He said: "We respect and honor the pope. But... the walls that are around the Vatican are pretty big walls."
The YouTube Diamond and Silk also referenced the pope's comments in their introduction.
The sister who goes by Diamond said, "Now some say that we should build a bridge. Well, I say we should build a wall around that bridge with a door open. To come in this country, you come in legally. Silent majority, let me hear you roar!"
A 40-year-old Kansas man is behind a website that notes how long it has been since Hillary Clinton said she'd "look into" whether she can release transcripts of her paid speeches to big banks.
Jed McChesney says he was annoyed by the Democratic presidential contender's dismissive remarks on the subject and has become a supporter of Bernie Sanders.
On Thursday night, Sanders tweeted a link to McChesney's website, iwilllookintoit.com, to his 1.5 million followers. The ensuing traffic temporarily crashed the site.
The Sanders campaign did not contact him before the tweet. McChesney was surprised to see a reference to his site on an MSNBC program Friday morning.
McChesney says the Clinton-questioning website took him five minutes to put together and is the most successful thing he has ever done.
The papal spokesman is stressing that Pope Francis often says build bridges, not walls, and that his remark while flying back from Mexico wasn't targeting U.S. presidential candidate Donald Trump.
Francis said Thursday that a person who advocates building walls for solutions is "not Christian." Trump, who has repeatedly called for a wall to divide the United States and Mexico, retorted it was "disgraceful" to question a person's faith.
The Rev. Federico Lombardi sought to clarify the issue Friday, telling Vatican Radio that Francis' comments were "in no way a personal attack nor an indication on how to vote."
Lombardi noted Francis often has advocated "building not walls, but bridges," especially regarding Europe, as it struggles to handle the arrival of hundreds of thousands of people fleeing war and poverty.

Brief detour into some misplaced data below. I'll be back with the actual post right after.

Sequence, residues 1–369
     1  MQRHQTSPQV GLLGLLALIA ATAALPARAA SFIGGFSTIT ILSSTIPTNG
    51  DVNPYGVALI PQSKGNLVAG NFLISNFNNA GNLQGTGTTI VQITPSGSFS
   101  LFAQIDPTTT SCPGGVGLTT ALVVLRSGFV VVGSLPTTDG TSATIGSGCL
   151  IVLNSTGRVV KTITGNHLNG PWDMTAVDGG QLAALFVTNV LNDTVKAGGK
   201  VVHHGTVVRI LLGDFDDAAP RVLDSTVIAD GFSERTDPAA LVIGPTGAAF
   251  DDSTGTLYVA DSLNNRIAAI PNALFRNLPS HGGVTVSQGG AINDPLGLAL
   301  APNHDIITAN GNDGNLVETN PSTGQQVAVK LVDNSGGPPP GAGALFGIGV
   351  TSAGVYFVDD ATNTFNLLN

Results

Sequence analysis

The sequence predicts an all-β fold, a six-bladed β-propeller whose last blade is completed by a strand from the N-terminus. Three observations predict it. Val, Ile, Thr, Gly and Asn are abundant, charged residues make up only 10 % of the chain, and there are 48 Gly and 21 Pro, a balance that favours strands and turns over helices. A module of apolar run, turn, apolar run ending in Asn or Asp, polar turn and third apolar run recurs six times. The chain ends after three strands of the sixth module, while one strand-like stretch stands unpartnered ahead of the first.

Ted Cruz is channeling his inner Donald Trump as he looks for votes ahead of Saturday's South Carolina's presidential primary.
The Texas senator told several hundred supporters Friday in Myrtle Beach that in a Cruz administration, there would "be winning so much, we'll get tired of winning."
He didn't specifically name his rival, but the reference was clear as it's a phrase repeatedly used by the billionaire businessman.
Cruz also took a shot at Trump's campaign motto, featured on hats, T-shirts and bumper stickers. The senator said "it's easy to say, 'Let's Make America Great Again.'" But, he asked, "Do you understand what made America great in the first place?"
John Kasich is promising South Carolina voters he'll "keep hanging in there" regardless of the results in the state's Saturday Republican primary.
Kasich's comments were in response to a voter at a Columbia town hall Friday who told Kasich not to drop out of the race after Saturday's contest. The voter pleaded with the candidate to "not quit on us; we need you more than you need us."
Kasich said he thinks he'll beat expectations Saturday, joking that they aren't that high anyway.
He said expectations say he'll be able to fit all of his votes "in a Volkswagon," adding, "clearly we're gonna do better than that — we may be able to put them in a van."